Housing crisis

As you would have seen in the news reports over the last week it’s suddenly dawned on the able-bodied world that there is a massive shortage in suitable housing for disabled people. Unfortunately this isn’t as much of a surprise to us that are disabled we have known this for years. 

It’s been called the hidden crisis and our lives are to expensive in the news, why is it such a secret!? who knows’ when you have programmes such as DIY SOS on BBC 1 that have been clearly showing for year just how unsuitable and unaccessible some people’s properties can be.

And no it’s not cheap to be disabled who ever thinks or thought it was YOUR CRAZY!. For example when I changed my toilet to make my life more independent that was over £3000 and that just for a toilet so no it’s not cheap!! 

The unfortunate truth is councils will tell you even if you are disabled if your under the age of 65 you don’t fit “OUR” criteria needs to get a bungalow, this needs to change sooner rather than later, why as a Disabled person do you need to be over 65 to get a bungalow!? 

I faced this exact problem over 9 years ago, for 3 years solid I was constantly being told I was too young for a bungalow, I called Milton Keynes council persistently every week from 3 years telling them my flat was unsuitable for my needs, unable to use my wheelchair inside to move around I was a prisoner in my own home I wasn’t living I was just existing in one room  – my mental health and well-being suffered greatly I was on antidepressants and becoming less sociable as time went on. I asked the same question every time ‘can I have a bungalow’ to receive the same answer over and over your to young.

Thankfully the last 6 years I’ve been in a purposely built bungalow for disabled people but not though my local council housing but though a housing Association called Habinteg, that provide suitable properties (houses and bungalows) for disabled people/families.

I can’t believe that even after 6 years of being in a suitable property I’m reading and speaking to people who are getting the same answers I did when I was looking and asking for a more accessible place to live 9 years ago, how have local authorities not moved on!? it very much makes me believe that disabled people are a forgotten world.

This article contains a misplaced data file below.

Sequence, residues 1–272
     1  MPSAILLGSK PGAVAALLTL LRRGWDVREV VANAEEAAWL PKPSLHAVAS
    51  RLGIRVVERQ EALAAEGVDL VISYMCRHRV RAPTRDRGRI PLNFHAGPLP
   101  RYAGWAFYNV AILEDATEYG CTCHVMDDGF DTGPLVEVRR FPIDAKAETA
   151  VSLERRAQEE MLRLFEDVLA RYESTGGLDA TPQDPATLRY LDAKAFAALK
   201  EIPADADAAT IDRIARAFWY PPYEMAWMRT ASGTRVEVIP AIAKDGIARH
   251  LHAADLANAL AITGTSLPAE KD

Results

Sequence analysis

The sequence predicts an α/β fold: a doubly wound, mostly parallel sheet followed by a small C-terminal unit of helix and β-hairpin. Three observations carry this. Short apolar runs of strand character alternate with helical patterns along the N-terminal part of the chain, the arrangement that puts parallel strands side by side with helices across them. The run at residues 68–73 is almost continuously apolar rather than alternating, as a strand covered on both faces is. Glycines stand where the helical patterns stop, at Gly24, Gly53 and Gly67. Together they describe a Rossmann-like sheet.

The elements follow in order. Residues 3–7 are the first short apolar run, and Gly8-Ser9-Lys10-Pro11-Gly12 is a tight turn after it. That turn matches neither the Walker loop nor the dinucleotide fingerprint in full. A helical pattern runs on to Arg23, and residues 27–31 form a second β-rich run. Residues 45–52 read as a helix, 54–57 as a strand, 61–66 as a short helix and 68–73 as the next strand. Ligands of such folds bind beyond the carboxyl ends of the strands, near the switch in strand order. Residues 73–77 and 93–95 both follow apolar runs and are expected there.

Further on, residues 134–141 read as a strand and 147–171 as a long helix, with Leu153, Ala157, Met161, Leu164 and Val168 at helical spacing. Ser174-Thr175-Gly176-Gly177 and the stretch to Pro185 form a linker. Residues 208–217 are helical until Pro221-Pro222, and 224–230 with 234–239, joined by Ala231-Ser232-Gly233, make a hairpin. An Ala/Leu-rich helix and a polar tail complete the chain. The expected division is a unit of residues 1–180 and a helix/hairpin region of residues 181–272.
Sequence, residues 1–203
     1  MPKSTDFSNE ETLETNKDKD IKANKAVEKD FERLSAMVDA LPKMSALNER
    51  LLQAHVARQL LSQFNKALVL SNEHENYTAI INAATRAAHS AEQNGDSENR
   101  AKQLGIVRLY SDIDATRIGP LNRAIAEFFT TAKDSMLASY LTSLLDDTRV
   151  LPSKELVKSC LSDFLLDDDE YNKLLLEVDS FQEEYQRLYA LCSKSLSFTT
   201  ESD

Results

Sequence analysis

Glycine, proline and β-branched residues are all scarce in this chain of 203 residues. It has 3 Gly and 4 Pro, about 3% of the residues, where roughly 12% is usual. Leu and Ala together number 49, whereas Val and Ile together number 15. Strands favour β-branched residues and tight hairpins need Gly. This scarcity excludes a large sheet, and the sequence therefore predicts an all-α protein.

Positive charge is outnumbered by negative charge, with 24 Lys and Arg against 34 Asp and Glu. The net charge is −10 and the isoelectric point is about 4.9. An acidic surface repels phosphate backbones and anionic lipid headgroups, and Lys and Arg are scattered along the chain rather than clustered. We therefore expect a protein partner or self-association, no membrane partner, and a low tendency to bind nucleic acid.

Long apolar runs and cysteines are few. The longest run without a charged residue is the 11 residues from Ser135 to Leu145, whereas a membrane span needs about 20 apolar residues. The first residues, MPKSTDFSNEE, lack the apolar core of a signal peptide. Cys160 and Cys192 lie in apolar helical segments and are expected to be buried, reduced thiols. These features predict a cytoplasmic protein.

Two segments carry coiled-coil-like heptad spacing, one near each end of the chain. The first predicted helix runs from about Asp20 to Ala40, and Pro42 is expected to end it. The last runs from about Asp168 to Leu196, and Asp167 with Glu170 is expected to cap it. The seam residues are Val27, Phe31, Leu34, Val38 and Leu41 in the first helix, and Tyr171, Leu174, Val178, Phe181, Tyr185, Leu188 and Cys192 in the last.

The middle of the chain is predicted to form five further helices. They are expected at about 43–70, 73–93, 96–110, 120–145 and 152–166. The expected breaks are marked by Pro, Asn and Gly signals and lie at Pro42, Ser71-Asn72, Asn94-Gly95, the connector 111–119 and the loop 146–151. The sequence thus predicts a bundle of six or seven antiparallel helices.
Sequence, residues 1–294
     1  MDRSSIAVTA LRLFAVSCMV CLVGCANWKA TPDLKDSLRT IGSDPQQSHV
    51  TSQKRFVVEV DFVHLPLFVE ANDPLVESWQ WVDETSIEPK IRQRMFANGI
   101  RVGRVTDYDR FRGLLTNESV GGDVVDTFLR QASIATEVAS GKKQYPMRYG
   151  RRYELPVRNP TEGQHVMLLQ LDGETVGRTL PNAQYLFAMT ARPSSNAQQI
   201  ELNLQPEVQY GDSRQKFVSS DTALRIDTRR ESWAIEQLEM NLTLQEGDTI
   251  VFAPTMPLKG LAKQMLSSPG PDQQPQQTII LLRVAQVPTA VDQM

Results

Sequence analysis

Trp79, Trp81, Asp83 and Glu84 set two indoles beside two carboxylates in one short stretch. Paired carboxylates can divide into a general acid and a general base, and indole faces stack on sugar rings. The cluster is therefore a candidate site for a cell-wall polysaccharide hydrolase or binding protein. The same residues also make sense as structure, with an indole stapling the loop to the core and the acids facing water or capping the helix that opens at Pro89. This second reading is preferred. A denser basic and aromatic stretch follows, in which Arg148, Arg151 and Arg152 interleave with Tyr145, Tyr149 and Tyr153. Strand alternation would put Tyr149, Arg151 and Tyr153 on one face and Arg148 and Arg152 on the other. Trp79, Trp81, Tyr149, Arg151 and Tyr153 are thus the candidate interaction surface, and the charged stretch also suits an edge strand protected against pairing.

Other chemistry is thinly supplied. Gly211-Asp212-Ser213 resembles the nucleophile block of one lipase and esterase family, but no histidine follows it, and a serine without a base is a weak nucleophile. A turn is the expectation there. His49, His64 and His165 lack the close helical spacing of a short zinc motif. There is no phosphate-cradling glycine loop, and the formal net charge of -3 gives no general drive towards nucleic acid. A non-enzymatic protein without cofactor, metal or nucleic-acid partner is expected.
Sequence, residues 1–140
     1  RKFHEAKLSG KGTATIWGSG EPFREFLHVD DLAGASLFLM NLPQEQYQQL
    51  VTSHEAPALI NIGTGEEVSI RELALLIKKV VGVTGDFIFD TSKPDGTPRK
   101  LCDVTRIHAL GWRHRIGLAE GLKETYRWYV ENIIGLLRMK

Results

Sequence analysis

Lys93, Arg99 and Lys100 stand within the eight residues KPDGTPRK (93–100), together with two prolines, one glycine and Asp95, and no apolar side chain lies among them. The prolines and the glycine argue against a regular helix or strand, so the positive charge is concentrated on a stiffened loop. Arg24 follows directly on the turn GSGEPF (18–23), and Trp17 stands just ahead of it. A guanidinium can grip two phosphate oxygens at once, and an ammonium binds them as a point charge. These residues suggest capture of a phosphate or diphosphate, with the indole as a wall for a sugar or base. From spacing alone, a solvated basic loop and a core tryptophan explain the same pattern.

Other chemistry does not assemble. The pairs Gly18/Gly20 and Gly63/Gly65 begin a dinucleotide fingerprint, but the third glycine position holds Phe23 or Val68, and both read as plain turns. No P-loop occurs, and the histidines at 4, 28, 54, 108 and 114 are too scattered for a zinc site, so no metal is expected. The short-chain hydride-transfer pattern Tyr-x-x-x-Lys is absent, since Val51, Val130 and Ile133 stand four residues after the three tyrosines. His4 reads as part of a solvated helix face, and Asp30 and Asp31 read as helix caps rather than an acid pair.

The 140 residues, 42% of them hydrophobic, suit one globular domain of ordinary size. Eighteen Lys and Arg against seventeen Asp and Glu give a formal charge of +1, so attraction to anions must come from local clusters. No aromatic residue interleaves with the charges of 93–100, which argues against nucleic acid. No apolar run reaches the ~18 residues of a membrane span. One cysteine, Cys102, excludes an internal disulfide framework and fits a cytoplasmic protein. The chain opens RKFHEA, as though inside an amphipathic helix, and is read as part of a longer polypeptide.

Just having the appropriate housing can dramatically improve disabled people’s ability to live independently, those whose homes do meet their accessibility needs have reported improved health and well-being, just having the right adaptations to the home can create significant savings to the public purse, reducing social care costs for local authorities and health costs for the NHS is this not a good thing?.

A few facts

In England, only seven percent of housing meets the minimum standards, all local authorities across England, Scotland and Wales have failed to collect data or meet current demands, let alone plan for the future, this is a huge concern as the number of disabled people is increasing: an estimated 13.3 million in Britain in 2016, up from 11.9 million in 2013 to 2014.

Muscular Dystrophy UK did a survey and found that a third of people are facing serious debt and financial hardship, trying to fund getting adaptations to their homes  to fit the needs of loved ones or themselves, that’s a staggering 70% of people living in homes that didn’t suit their needs, for example homes in which it is impossible to turn a wheelchair limiting their access to bedrooms and bathrooms and leaving them confined to one floor!

What needs to be done

  • All local authorities to scrap the age bracket on any available bungalows for disabled people and families. 
  • Increase what’s available to households through the Disabled Facilities Grant, ensuring that this rises in line with inflation
  • All Local authorities to ensure any new developments that at least 10% of houses build to have the Lifetime Home Standard I.e a standard for accessible home-built to wheelchair-accessible standards.
  • All local authorities should have policies that provide discretionary top up payments in cases where families cannot afford additional costs.
  • Local authorities to provide increased specialist disability advice and advocacy services for housing options.
  • Local authorities to work with the NHS to ensure people living in institutional and residential care are supported to live independently.
  • For national and local governments to  improve the way that data is collected and shared, both on the requirements of disabled people and on the accessibility of existing housing stock.

Are you disabled or have a family member in an unsuitable property facing this housing crisis share your story in the comments with me.

Kisses K

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